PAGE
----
After 20 years of military engagement and billions of dollars spent, NATO and the United States still grapple with the same, seemingly intractable conundrum how to withdraw troops from Afghanistan without abandoning the country to even more mayhem.
An accelerated US drawdown over the past few months, led by the previous US administration, has signaled what may be in store for long-suffering Afghans.
Violence is spiking and the culprits are, well, everyone: the Taliban, the Islamic State group, warlords, criminal gangs and corrupt government officials.
Meanwhile, President Joe Biden is reviewing his predecessor's 2020 deal with the Taliban, which includes a May 1 deadline for a final US troop withdrawal from the war-ravaged country. In Washington, calls are mounting for the US to delay the final exit or renegotiate the deal to allow the presence of a smaller, intelligence-based American force.
All key players needed for a stable post-war Afghanistan come with heavy baggage.
The Taliban now hold sway over half the country and both sides in the conflict have continued to wage war, even after peace talks between the Taliban and the Kabul government began last year in Qatar.
The Taliban have lately been accused of targeted killings of journalists and civic leaders charges they deny. But they lack credibility, particularly because they refuse to agree to a cease-fire. There is also no proof they have cut ties with al-Qaida militants as required under the Taliban-US deal. A January report by the US Treasury found that they continue to cooperate and that al-Qaida is getting stronger.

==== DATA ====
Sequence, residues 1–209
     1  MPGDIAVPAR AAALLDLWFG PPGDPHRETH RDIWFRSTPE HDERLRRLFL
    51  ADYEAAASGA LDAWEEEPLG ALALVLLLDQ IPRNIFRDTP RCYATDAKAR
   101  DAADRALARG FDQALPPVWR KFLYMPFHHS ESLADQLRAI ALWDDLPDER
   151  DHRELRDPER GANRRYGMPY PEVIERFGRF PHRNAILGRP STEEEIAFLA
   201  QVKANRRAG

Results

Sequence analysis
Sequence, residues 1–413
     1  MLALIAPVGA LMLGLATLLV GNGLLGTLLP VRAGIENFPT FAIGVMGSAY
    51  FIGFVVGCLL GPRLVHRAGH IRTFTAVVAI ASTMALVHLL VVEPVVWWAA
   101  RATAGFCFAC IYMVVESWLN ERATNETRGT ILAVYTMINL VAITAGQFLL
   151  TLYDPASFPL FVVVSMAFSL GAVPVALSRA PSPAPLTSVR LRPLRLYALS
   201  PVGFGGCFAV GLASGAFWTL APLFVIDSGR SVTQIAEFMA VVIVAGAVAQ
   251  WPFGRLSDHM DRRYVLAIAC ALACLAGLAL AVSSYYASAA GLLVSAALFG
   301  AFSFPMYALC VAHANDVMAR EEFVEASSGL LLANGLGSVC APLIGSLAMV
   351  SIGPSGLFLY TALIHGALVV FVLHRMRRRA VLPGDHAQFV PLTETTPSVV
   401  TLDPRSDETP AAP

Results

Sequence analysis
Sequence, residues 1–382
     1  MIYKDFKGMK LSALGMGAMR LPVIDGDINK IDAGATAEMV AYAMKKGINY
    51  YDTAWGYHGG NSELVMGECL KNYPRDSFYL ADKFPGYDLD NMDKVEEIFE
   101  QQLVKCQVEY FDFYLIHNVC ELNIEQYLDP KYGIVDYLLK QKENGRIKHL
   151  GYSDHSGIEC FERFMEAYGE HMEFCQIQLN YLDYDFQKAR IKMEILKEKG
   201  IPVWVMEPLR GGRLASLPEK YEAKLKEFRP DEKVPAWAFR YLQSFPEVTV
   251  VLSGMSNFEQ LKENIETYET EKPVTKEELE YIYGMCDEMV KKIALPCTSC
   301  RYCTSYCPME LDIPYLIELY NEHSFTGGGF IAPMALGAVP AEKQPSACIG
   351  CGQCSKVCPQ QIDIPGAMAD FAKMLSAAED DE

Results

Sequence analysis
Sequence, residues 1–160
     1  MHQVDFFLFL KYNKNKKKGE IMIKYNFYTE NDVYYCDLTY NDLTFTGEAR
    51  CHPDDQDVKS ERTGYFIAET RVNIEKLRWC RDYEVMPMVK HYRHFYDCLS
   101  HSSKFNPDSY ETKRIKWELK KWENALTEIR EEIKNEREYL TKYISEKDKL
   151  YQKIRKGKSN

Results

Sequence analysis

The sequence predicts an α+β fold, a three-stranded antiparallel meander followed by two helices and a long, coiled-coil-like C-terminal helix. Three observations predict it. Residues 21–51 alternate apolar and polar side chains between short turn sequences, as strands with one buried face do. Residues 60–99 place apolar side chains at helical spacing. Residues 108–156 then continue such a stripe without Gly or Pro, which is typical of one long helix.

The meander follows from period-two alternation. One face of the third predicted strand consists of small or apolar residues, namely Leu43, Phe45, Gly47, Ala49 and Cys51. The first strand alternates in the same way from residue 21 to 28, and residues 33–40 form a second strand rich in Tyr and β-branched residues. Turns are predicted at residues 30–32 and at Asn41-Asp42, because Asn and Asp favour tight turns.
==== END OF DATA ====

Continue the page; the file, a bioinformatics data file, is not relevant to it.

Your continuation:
Some reports from areas under Taliban control speak of heavy-handed enforcement of a strict interpretation of Islamic law: While the Taliban allow girls to go to school, the curriculum for both boys and girls seems mostly focused on religion. There is little evidence of women's progress in the deeply conservative, rural areas.
Afghan warlords some accused of war crimes have been co-opted by international forces since the 2001 collapse of the Taliban regime, amassing power and wealth.
In a vacuum that would follow the withdrawal of foreign troops, activists and Afghans fear the heavily armed warlords would return to another round of fighting, similar to the 1992-1996 bloodletting. At that time, the warlords turned their firepower on each other, killing more than 50,000 people, mostly civilians, and destroying much of the capital, Kabul.
Afghan forces have also been accused of heavy-handedness. In January, a new UN report said that nearly a third of all detainees held in detention centers across Afghanistan say they have suffered some form of torture or ill-treatment. Corruption is rampant and government promises to tackle it, according to a US watchdog, rarely go beyond paper.
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